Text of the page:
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When A Personalised Approach Makes All The Difference

Focal Therapy patient Ray Braithwaite joins OnFocus to discuss the difficult and impersonal experience he underwent immediately following his prostate cancer diagnosis which felt to him like being on a conveyor belt. He ultimately went on to undergo HIFU tithe TFTC Consultant Urologist Tim Dudderidge and felt so strongly about this experience that he published an article in his local newspaper on the Isle of Wight.

He’s also just published a children’s book in time for Christmas, called “A Rather Strange Christmas Day”. Its available here on Amazon.

Press play in the audio player below to hear the interview.

Please find below a written transcript of the interview.

Clare Delmar:
Hello and welcome to On Focus brought to you by The Focal Therapy Clinic, where we connect you with issues facing men diagnosed with prostate cancer that are little known, less understood and often ignored. Prostate cancer is now the most commonly diagnosed cancer in the UK, and with this sombre fact comes a multitude of challenges and opportunities. I’m Clare Delmar. Today, I’m speaking with Ray Braithwaite, a recent HIFU patient from the Isle of Wight. Ray is 70 years old, a retired social worker, and is now enjoying a new career as a children’s author. More on that later. But he’s here now to talk with me about how important personalised treatment is when diagnosed with prostate cancer, having experienced something that felt more like being on a conveyor belt. Ray, thanks for joining me today.

Ray Braithwaite:
Cheers, Clare. Thanks for having me.

Clare Delmar:
So let’s start by if you can just tell me a little bit about when you were diagnosed with prostate cancer and what happened then?

Ray Braithwaite:
It’s a bit of a story. Basically this goes back to January. And in January, I wasn’t feeling too well. I had two conditions. And you go to a GP, you can only be seen for one at a time. Neither of the conditions I thought were associated with prostate cancer, but the GP wanted to do an internal examination. So I found myself with his finger on my bottom. And he actually told me that there was an abnormality around my prostate and he actually said not to worry, I don’t think it’s cancer. Now, that’s the first time I’d heard the word cancer in association with myself. But I’d like to refer you to the oncology department just in case.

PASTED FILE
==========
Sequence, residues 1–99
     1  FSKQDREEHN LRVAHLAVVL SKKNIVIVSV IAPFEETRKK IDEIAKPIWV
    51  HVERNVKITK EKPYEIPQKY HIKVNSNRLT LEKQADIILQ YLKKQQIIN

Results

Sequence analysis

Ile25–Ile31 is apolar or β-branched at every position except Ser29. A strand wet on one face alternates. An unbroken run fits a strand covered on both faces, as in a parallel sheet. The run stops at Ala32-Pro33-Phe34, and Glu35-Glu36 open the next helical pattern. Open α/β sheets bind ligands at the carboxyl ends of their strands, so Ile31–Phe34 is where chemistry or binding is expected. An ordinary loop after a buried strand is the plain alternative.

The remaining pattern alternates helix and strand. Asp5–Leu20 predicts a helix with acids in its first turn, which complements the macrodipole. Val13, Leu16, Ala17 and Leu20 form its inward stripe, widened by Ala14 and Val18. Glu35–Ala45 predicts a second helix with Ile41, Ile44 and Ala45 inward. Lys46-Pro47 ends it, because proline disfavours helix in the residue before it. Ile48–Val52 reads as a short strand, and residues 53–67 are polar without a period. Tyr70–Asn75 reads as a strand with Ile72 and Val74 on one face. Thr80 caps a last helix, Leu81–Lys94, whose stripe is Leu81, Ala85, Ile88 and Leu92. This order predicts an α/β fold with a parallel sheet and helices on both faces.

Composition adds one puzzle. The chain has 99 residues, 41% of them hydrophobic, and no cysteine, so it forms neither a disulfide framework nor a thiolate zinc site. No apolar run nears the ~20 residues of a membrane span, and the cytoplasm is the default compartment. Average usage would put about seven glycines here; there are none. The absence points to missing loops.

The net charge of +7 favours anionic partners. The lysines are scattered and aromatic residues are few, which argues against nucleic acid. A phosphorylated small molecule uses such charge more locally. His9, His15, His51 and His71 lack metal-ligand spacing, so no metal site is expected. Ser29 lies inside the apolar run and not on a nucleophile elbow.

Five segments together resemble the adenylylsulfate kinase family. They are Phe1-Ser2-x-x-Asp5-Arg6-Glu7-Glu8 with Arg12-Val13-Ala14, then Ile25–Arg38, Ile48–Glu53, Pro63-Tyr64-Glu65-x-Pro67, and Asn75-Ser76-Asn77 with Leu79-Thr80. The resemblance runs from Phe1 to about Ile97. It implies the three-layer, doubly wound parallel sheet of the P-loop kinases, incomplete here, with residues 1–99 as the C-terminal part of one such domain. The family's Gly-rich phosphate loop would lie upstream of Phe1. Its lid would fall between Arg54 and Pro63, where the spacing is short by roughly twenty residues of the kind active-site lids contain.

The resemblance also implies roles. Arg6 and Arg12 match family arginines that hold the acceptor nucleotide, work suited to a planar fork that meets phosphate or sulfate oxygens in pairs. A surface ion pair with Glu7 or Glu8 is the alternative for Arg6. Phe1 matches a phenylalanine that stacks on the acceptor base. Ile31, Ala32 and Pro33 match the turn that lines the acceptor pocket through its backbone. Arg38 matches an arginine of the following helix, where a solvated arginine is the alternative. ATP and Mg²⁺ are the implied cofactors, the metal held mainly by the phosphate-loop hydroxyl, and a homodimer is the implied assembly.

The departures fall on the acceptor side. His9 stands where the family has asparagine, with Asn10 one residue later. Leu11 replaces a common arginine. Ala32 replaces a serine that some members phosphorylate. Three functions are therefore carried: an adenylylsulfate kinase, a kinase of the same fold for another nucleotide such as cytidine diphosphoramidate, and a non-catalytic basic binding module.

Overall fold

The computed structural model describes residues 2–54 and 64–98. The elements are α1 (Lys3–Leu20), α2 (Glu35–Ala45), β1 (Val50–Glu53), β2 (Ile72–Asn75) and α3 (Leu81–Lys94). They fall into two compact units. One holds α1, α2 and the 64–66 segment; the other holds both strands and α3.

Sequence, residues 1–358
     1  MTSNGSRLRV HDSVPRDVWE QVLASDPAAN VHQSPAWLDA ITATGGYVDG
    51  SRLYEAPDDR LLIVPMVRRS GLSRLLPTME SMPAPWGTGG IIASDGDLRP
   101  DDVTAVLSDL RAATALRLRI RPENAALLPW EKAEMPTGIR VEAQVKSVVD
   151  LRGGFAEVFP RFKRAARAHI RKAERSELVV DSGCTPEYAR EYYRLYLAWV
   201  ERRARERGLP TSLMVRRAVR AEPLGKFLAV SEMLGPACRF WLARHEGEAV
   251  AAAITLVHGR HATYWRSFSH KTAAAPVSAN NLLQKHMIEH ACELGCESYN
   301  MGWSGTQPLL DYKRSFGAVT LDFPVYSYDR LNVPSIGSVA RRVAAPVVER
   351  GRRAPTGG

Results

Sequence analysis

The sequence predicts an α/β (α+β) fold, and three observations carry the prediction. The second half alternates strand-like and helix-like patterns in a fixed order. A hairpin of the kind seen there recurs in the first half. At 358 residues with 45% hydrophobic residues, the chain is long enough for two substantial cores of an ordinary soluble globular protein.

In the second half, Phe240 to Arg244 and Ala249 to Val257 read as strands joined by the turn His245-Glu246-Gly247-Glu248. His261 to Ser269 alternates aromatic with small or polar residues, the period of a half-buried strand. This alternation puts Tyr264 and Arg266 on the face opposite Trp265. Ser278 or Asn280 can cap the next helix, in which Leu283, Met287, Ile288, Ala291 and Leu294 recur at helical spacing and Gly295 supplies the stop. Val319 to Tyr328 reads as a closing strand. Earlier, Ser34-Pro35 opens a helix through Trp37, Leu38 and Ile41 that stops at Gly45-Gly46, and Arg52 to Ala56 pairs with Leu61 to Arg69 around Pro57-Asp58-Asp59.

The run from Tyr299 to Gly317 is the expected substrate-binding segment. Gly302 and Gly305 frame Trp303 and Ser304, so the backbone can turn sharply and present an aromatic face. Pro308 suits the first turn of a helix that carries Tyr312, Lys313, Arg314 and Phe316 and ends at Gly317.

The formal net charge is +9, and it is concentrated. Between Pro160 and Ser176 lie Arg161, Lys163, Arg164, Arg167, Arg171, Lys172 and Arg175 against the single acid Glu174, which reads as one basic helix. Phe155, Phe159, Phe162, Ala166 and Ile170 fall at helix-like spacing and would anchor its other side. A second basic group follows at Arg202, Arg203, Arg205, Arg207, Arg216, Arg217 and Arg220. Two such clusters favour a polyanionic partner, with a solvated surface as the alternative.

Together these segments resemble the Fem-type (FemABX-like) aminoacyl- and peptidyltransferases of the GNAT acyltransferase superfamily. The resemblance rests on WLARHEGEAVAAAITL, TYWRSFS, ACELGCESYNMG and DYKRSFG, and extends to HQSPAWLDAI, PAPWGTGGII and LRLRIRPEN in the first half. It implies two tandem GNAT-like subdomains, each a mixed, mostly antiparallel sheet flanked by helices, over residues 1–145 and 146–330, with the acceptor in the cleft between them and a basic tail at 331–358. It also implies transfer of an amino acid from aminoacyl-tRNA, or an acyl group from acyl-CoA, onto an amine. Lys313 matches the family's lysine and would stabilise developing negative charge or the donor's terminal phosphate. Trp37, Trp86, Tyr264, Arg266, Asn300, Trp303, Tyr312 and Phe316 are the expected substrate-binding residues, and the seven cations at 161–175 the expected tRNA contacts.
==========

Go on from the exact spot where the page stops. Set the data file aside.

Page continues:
Clare Delmar:
OK

Ray Braithwaite:
So he did. And then in February, the oncology department, they told me that they’d like me to have an MRI scan, but I did explain that I was claustrophobic, but they said it should be OK. I went along and the MRI scan for February was good because they accepted that I had claustrophobia and they allowed me to go in feet first, which was fine. And then I had some blood tests. And then for during February and March, a couple more tests. And then I finally got to see the consultant surgeon.

Clare Delmar:
The urological surgeon?

Ray Braithwaite:
The urological surgeon, yes. And a little bit strange. He was mid European guy, really nice guy, very ardent about his job and very interested in his work. And basically, he said he’d like me to have a biopsy. And he felt that that would be the best at this time. And he didn’t want to tell me anything about my condition at this time until he had the biopsy.

Clare Delmar:
So, Ray, had you had a PSA test and then what were the results of the MRI?

Ray Braithwaite:
Those magic words were never used and I wish I’d have known them. A PSA test, the Gleason score, the stage of the cancer. These are magic words that I would recommend people actually use around the physicians they see, but no, he didn’t.

Clare Delmar:
So Ray, he immediately advised a biopsy without you knowing those crucial elements as you described them.

Ray Braithwaite:
Yeah, I said yes. And then very strangely, he stood up and shook my hand and wished me good luck. And I just put it down to one of these mid European things. And that was the first and last time I saw him. And that was for about between three and six minutes. And then I had the biopsy, and that was in April.

Clare Delmar:
OK

Ray Braithwaite:
And was quite painful. I didn’t enjoy that experience at all.

Clare Delmar:
No

Ray Braithwaite:
The nurses were very, very pleasant. But the actual procedure I found really invasive and unpleasant. And then on the Friday evening of the 24th of April, and it was about four o’clock, I received a telephone call and it was from one of the oncology nurses.And she said that I do have a cancer. And now that’s the first time I’d been told that I had a cancer.

Clare Delmar:
Yeah

Ray Braithwaite:
And I found that really shocking. Up until then, everyone had been telling me we’re just investigating to rule cancer out. At that time, quite late evening, I was by myself, I was alone and literally I was given this information to do nothing with for the weekend, except worry.

Clare Delmar:
Yeah, that’s tough.

Ray Braithwaite:
I did ask if I could talk to her about possible treatments and she said she’d phone me back on the Monday and we could discuss everything then. So there’s a bit of a convoluted story, but that’s how I got to know I had cancer.

Clare Delmar:
So Ray we spoke a little bit before. And you mentioned that you had been going through some personal challenges at the time. Can you talk a little bit about those and how they affected your experience?

Ray Braithwaite:
Yeah, I mean, my wife died in December, the previous December. That was the nineteenth and I was grieving and completely bereaved. Basically on my own, I just kind of worry about things rather than take action and do things. And I mean, literally, it just felt as though I was isolated and alone. Having said that, I had good support from the hospice staff and the hospice staff I’ve been having counselling there with a member of their staff and I was able to talk things over with them.